Published May 15, 2020On "Sorceress," the titular track of Jess Williamson's fourth album of the same name, she croons, "Yes, there's a little magic in my hat, but I'm no sorceress." Its lullaby-like atmosphere is about not running away from someone and accepting the limitations of human nature.
Yet, a sorceress is exactly what Williamson resembles: a warm and enchanting presence that casts a spell on listeners and beckons them toward her. Sorceress is a slow burn about the desire to be free, growing older, and a little bit of tarot sprinkled into the mix, all encased in a cinematic, rustic country flair.
Williamson longs to be anywhere else than where she is in the present as she sings about relying on herself on "Smoke" and fleeting youth on "As the Birds Are." It's a slow beginning to the record, but is nonetheless tone-setting and a precise look into Williamson's state of mind. The glamorous yet docile twangs and brassy horns in "Infinite Scroll" are nostalgic in both a heartwarming and heart-wrenching way.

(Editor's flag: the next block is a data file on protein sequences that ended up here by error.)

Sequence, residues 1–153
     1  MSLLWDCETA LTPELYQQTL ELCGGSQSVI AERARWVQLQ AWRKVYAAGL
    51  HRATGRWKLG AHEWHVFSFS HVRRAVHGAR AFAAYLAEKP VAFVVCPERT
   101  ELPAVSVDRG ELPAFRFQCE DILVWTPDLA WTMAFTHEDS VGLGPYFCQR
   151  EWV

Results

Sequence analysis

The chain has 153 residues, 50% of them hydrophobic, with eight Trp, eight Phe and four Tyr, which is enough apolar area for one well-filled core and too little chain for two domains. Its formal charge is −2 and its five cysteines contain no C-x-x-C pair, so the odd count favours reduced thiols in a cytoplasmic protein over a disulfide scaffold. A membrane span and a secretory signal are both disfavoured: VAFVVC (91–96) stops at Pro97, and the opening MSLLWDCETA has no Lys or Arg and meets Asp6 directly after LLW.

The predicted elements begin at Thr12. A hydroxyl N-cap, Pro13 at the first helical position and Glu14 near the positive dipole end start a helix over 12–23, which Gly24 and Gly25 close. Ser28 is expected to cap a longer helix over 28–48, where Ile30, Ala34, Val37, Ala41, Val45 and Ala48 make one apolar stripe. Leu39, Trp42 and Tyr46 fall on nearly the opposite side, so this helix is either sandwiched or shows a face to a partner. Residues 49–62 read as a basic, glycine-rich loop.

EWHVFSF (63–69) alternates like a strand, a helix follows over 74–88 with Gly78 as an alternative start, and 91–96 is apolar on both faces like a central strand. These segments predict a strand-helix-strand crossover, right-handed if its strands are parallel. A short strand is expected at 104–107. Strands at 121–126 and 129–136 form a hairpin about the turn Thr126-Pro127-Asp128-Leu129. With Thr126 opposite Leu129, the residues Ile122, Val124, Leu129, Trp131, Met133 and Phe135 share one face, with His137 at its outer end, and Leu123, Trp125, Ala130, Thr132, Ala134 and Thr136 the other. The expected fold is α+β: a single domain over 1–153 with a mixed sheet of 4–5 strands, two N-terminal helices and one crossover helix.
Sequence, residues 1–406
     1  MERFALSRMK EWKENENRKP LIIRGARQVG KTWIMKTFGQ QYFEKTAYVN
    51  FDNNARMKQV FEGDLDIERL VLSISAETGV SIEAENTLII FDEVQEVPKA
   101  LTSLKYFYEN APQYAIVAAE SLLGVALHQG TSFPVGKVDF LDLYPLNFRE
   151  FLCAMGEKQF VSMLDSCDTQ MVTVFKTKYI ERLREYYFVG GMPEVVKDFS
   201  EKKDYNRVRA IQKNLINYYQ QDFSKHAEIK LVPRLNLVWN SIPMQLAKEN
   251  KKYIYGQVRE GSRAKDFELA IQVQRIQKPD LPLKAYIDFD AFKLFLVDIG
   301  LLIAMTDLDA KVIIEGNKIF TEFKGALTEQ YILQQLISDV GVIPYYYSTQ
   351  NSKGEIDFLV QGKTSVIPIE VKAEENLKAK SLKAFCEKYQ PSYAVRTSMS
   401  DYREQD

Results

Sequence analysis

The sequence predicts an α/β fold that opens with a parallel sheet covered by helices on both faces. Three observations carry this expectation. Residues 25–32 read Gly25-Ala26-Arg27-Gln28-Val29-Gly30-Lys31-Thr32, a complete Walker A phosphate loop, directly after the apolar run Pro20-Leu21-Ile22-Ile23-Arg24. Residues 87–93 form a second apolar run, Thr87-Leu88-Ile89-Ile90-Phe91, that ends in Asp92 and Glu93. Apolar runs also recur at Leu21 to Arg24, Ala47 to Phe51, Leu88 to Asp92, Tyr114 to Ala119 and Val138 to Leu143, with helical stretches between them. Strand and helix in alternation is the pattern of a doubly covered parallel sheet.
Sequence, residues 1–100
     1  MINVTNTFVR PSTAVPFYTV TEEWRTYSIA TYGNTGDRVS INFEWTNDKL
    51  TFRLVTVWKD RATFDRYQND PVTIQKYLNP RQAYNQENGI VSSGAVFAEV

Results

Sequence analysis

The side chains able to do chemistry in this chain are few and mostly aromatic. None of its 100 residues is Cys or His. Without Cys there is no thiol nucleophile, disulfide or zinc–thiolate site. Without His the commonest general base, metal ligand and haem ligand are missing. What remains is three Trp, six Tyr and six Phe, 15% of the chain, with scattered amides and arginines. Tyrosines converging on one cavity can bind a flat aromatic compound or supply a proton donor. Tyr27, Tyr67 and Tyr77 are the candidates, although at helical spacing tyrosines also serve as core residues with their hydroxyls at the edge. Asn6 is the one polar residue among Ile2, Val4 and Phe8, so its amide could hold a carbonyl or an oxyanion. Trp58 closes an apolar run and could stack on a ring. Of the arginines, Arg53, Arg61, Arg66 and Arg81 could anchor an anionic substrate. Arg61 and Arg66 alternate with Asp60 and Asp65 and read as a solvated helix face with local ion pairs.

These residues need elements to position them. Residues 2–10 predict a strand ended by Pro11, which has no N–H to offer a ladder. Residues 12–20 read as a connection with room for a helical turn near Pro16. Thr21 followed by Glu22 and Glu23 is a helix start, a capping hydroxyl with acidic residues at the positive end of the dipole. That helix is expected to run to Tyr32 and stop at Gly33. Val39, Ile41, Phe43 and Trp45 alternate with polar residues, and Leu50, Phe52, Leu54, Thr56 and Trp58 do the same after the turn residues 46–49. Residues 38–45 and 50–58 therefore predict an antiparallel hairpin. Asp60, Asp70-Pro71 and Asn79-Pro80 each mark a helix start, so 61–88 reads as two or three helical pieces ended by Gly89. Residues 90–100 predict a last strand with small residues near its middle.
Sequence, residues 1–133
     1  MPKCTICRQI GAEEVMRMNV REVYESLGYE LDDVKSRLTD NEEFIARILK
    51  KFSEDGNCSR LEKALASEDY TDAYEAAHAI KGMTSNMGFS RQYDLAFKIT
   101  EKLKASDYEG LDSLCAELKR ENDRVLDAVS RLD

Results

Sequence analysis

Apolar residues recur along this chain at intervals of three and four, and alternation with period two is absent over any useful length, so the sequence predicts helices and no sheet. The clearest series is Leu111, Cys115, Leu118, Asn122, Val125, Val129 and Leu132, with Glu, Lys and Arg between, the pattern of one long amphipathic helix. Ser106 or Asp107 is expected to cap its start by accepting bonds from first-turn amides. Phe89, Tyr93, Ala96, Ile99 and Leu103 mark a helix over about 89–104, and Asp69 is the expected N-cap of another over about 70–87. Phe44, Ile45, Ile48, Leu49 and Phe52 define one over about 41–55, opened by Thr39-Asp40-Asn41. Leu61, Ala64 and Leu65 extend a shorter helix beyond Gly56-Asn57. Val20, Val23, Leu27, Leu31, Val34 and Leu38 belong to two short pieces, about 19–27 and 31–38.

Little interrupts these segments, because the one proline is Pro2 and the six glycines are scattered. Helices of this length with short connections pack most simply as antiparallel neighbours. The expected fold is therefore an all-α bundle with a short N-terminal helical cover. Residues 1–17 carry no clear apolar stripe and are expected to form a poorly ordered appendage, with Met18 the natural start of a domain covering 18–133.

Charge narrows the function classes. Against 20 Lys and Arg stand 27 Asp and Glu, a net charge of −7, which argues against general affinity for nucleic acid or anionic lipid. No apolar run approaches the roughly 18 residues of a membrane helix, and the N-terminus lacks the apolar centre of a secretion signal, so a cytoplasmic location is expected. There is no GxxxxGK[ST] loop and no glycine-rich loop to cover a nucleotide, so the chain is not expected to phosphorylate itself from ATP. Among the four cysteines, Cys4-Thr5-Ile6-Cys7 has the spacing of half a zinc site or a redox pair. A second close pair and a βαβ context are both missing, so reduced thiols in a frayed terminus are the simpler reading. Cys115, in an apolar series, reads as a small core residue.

Williamson's sound is classically fresh, her intimate vocals and poetry dancing along effortless acoustic ballads with a dash of '90s country influence, blooming on "Love's Not Hard to Find," a blissed-out love song that glows with simplicity, and "Rosaries at the Border", an emotional ode to those who have courageously left their home countries in hopes of a better life elsewhere.
It appears that Williamson is always fleeing from somewhere and yearns to live a life with no regrets with the time we have left. Sorceress is her personal but inspiring, magical journey to get to that point. (Mexican Summer)